The subject of the Lord’s Supper, (or Communion) is a large topic, and has engendered controversy and differing views through many centuries. In what follows, I do not propose any sort of exhaustive look at the subject, but rather to look at the Lord’s Supper with the specific question of how often it should be celebrated, and why. Within evangelical congregations, either “low-church” or even in those where worship is more formal, it is common that the Lord’s Supper is held at the most monthly, and in some cases, quarterly. In a few places it may be as infrequently as once a year. Some discussion of what the Lord’s Supper means will be necessary, but it is not my intention to examine all the many views on what it signifies, and how various Christian traditions have interpreted it. We can, however, say that the frequency or infrequency of its celebration does say something about the meaning of the Supper, or at least how Christians regard its importance in their worship lives.

Liturgical historian James F. White says, “The eucharist is usually not the most important service for most Protestants, at least not in terms of frequency. Most Protestant worship, historically and at present, has not made the eucharist its central service. When the eurcharist is celebrated, it is often tacked on to the end (or beginning) of the usual Sunday service.”[1] I am looking at it from an evangelical Protestant perspective, and while I will look at history to see how the Lord’s Supper was regarded in various ages, and how the evangelical church has arrived at the current state, what previous generations believed is not any sort of binding authority on how the Christian now views the Lord’s Supper. The New Testament itself is the sole authority for the Lord’s Supper.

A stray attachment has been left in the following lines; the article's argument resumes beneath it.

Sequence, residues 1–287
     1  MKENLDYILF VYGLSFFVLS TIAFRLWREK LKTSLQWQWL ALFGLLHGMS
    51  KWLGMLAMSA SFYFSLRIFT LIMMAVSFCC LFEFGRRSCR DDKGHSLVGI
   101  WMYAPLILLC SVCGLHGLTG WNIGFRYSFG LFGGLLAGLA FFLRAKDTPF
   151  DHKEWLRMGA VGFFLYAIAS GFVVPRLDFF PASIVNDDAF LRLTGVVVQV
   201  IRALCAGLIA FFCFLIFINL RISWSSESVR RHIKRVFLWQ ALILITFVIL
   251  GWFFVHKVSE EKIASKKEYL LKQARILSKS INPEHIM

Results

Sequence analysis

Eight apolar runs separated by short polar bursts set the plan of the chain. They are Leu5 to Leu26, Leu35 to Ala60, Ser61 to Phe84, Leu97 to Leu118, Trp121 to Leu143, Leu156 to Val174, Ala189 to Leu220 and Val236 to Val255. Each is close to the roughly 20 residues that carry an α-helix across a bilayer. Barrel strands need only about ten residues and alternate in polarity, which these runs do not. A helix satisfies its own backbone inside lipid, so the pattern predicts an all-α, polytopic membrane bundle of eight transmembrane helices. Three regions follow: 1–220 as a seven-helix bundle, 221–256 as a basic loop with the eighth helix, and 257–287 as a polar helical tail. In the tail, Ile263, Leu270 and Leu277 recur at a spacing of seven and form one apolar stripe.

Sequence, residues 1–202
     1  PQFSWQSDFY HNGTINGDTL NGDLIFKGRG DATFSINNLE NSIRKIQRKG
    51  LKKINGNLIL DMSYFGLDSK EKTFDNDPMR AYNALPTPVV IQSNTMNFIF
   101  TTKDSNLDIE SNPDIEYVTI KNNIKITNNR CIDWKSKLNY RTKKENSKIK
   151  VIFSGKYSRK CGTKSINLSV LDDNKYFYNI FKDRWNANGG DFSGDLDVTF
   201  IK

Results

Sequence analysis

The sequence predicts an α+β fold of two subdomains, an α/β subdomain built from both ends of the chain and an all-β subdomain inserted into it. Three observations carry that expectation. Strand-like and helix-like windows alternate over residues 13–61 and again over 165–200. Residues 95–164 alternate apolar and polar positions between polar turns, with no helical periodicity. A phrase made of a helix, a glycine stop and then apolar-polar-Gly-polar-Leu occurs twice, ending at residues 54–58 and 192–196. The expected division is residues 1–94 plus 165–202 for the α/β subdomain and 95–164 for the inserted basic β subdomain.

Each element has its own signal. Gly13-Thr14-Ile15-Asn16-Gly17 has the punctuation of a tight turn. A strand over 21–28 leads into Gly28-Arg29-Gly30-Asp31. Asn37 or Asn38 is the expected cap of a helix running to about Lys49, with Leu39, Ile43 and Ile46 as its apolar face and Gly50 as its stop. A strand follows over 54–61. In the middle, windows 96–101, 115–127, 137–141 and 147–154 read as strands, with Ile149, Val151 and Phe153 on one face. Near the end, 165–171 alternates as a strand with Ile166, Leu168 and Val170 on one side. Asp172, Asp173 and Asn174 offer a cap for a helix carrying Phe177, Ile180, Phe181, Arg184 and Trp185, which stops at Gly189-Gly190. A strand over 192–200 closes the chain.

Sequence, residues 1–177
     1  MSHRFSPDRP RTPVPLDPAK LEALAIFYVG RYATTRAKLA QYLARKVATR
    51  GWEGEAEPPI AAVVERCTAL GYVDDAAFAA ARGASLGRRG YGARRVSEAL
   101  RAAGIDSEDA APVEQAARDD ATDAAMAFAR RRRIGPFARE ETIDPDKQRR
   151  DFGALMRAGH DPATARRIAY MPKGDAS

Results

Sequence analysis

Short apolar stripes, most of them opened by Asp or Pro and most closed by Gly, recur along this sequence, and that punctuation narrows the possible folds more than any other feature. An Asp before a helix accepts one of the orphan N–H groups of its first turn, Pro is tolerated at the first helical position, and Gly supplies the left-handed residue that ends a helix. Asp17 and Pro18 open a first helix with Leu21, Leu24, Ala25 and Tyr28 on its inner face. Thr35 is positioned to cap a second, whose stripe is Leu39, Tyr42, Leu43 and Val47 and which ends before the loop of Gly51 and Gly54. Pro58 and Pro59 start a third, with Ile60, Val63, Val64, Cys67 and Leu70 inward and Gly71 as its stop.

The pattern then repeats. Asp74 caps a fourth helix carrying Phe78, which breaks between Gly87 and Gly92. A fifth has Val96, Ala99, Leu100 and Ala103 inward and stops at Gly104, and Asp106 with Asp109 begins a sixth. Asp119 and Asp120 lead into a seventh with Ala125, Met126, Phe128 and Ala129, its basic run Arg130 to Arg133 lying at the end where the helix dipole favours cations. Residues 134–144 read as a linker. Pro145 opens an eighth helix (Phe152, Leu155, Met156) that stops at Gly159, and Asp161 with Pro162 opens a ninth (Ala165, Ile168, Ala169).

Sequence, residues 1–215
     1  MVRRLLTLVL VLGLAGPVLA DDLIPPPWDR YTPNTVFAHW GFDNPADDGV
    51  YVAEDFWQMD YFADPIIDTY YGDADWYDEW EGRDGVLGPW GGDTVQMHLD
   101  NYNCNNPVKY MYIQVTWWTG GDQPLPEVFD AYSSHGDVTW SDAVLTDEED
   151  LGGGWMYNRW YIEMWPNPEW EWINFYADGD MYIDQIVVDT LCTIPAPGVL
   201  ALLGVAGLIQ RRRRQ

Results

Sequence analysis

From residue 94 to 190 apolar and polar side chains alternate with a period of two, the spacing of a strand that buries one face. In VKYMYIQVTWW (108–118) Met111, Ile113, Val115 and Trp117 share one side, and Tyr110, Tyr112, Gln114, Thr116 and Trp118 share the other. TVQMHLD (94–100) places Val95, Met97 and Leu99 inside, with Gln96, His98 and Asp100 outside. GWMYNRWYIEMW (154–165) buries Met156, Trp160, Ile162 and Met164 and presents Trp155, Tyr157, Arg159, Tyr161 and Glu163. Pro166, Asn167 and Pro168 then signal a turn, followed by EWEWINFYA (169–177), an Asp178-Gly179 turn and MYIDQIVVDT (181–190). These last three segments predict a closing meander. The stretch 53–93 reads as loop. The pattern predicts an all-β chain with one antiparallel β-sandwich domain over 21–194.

The Lord’s Supper in the New Testament